I am biracial, and my father was my connection to the black community in Portland. When he died, I lost that connection. I felt very isolated and alone, and I felt this anger that kept on growing. Eventually, I would think about how easy my life would be if I was dead. I care so much about my mom and sister, so I never acted on it, but it was on my mind a lot. This overwhelming pain and anger lasted a couple of years – I was just in survival mode.
That all changed when I started at Portland State University. I joined a program for Black students, and I felt a connection to the black community again. It was therapeutic to be around people who had the same experience as me. My mentor really took the time to listen to me and to validate my experience. It was the first time I felt so supported by someone outside my family and close friends.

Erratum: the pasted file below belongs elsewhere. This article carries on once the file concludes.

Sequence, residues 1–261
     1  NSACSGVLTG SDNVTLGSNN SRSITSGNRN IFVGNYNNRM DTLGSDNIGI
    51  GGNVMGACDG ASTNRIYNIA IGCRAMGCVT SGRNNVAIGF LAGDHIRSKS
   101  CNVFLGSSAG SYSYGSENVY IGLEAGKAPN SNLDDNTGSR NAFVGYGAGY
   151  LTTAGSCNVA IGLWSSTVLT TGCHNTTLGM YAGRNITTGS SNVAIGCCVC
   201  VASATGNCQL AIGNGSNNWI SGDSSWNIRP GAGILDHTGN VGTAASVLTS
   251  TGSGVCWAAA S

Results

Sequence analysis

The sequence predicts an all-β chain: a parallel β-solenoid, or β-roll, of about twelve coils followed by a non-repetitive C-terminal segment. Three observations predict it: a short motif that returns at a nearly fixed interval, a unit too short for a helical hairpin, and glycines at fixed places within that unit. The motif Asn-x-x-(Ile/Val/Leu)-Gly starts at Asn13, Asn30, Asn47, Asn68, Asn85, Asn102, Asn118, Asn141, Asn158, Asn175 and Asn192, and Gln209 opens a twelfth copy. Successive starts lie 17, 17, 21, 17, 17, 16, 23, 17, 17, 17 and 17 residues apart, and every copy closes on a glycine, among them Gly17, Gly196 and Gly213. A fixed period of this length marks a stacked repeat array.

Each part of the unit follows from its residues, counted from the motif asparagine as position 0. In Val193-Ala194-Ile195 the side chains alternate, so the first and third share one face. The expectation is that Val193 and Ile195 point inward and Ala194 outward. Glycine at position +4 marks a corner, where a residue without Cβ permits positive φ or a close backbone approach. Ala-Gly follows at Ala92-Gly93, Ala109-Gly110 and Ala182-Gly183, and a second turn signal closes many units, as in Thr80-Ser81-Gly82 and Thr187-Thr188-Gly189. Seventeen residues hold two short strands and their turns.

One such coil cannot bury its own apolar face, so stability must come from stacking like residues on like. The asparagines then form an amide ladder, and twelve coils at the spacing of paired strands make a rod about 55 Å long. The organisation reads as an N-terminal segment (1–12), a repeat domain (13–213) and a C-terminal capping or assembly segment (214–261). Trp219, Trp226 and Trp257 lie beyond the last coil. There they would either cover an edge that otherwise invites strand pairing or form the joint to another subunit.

After I graduated from PSU, I thought that everything was fine. I started working at Lines For Life and was officially introduced to the field of mental health. I learned so much about mental health that I realized my own mental health was not good – I’ve experienced a lot of trauma, and the coping skills I learned aren’t healthy.
Working at Lines For Life has provided me with the support and tools I needed to help improve my mental health. With my experience in mind, I aim to bring mental wellness and support to communities of color in Oregon. Everybody deserves support, and I work to make this happen.